Tablets May Push PCs to Edge of Oblivion
The rapid surge in consumer preference for tablets over desktop and laptop computers may knock the wind out of Microsoft and other PC-focused companies if the trend plays out as Gartner has predicted. It's hard to imagine that tablets will ever be the device of choice for heavy productivity, though -- unless they're so tricked out with external monitors and peripherals that they no longer much resemble tablets.
Apr 4, 2013 2:07 PM PT
Tablets, especially lower-priced tablets, are on track to overtake PCs within the next few years, according to new projections from Gartner.
The device category that includes PCs, tablets and mobile phones is on pace to ship a total of 2.4 billion units worldwide in 2013, a 9 percent increase from 2012, Gartner reported.
Device shipments are forecast to reach more than 2.9 billion units in 2017, but the mix will significantly change in the intervening years to favor lower-priced tablets. There will likely come a day when most people are satisfied with using a tablet for their main computing needs, the firm said.
A Significant Shift
The implications of this shift are significant. For starters, PC makers will feel the impact as people find it less necessary to upgrade or buy new machines.
There will be a 7.6 percent decline in the traditional PC market of notebooks and desk-based units this year, Gartner predicted, the start of what will be a long-term change in user behavior.
However, ultramobiles are expected to help soften the blow, with sales of traditional PCs and ultramobiles combined showing a 3.5 percent decline.
Surging Tablet Market
Meanwhile, tablet shipments are surging.
Worldwide, tablet shipments will total 197 million units this year, Gartner predicted. That's a 69.8 percent increase over 2012's 116 million units.
Interestingly, emerging markets are becoming a catalyst of tablet growth, the report noted, with consumers there buying tablets to serve as companion devices for their smartphones.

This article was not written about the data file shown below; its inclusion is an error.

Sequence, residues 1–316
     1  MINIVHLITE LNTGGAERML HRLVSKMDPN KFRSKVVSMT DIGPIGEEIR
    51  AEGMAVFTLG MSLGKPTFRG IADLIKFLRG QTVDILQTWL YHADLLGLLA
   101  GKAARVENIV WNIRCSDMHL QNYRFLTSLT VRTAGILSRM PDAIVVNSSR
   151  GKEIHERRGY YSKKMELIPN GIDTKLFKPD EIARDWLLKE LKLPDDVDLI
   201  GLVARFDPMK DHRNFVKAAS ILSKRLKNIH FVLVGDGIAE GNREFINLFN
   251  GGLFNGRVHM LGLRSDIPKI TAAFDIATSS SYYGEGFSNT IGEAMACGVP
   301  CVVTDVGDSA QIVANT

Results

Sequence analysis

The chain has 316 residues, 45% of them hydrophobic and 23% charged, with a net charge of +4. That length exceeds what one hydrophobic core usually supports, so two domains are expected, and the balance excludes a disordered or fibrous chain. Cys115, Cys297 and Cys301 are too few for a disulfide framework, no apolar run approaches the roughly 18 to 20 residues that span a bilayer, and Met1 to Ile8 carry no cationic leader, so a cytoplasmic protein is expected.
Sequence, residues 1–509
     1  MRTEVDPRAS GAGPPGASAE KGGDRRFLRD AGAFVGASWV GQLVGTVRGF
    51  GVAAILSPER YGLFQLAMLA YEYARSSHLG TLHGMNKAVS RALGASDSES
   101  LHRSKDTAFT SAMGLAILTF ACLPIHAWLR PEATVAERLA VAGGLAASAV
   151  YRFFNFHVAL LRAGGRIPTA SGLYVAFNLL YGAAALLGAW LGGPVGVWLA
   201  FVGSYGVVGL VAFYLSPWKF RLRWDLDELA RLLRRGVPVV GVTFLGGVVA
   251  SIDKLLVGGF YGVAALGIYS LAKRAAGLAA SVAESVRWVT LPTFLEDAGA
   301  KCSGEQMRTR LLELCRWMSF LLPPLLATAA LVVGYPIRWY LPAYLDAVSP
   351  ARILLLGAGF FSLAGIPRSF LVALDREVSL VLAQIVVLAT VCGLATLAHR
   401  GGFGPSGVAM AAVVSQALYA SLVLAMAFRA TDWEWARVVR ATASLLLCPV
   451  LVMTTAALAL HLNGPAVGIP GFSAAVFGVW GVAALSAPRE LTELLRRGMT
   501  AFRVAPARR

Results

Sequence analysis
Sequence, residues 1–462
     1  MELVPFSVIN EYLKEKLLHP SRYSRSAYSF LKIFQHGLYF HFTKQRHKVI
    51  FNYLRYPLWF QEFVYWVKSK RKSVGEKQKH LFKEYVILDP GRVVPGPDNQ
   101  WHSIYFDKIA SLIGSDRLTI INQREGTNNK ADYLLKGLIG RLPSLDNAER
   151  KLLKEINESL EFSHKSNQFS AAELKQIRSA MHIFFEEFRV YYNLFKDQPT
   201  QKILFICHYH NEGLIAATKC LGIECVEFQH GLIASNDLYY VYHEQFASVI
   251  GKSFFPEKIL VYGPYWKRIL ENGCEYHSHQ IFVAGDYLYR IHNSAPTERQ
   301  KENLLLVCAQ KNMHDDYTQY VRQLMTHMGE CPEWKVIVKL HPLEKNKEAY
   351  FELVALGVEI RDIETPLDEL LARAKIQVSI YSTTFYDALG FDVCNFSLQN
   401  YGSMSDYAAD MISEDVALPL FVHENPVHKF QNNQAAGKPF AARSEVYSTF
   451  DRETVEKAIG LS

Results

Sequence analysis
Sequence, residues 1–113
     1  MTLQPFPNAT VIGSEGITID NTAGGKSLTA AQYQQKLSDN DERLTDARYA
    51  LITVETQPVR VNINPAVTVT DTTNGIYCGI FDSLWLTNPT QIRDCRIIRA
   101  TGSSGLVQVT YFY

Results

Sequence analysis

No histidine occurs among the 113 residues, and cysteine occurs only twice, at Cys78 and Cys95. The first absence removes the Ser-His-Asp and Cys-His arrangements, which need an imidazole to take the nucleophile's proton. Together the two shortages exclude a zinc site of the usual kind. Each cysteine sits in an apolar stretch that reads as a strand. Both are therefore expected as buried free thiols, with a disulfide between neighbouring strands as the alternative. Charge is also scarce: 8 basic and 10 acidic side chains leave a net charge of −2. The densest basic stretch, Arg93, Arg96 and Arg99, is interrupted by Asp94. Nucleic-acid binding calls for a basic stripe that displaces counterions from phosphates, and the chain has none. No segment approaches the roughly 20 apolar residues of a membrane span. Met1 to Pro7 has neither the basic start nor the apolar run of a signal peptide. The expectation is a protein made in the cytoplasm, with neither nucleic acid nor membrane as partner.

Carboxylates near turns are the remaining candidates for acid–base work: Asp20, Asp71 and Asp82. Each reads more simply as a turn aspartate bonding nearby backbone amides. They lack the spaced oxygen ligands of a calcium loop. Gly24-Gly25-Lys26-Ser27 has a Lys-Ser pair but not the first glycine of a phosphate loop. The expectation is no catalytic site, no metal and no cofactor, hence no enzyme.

These numbers do not bode well for certain manufacturers -- especially Microsoft, which has not been doing well in the mobile market.
It's hardly time to write off the company, though. Microsoft has been gaining momentum in mobile, "and it has enough money to push it through the bad periods until it catches up with everyone else. Eventually, it may even become a dominant player," Bruno Scap, president of Galeas Consulting, told the E-Commerce Times.
"Today, tablets and mobile phones are an important part of the company's strategy," he continued. "Additionally, Microsoft is moving its products into a cloud. This will decouple computer hardware from software, enable applications to run on any device, and give users the ability to share all their data between all their devices.
Nonetheless, Microsoft will have to navigate this shift carefully, said Steve Hazel, VP of product for Sauce Labs.
"We're seeing a lot of demand for mobile testing on the Android and iOS platforms," he told the E-Commerce Times. "Developers are definitely more excited about those platforms right now than Windows. Microsoft must be looking carefully at what they can accomplish on mobile with Windows, and considering how to bring Office to mobile in a big way."
It is not just Microsoft that must stay ahead of this shift to mobile, however. A number of industries are being remade by the shift to all-mobile-all-the-time, said Matt Crampton, cofounder of GigWalk.
Advertising is one example, he told the E-Commerce Times. "eMarketer estimates that mobile ad spending around the world more than doubled in 2012 -- from (US)$4 billion in 2011 to $8.4 billion in 2012 -- and expects it to hit $37 billion by 2016."
Retail is another. "People shopping online on their smartphones accounted for $12 billion dollars in 2012," Crampton said.
"One thing we've taken to saying at Sauce Labs is that almost every large company is a software company now," noted Hazel. "No matter what their core business is, many large companies produce software for internal use or for use by their customers. As mobile devices make software more useful in more situations, that trend is becoming more pronounced."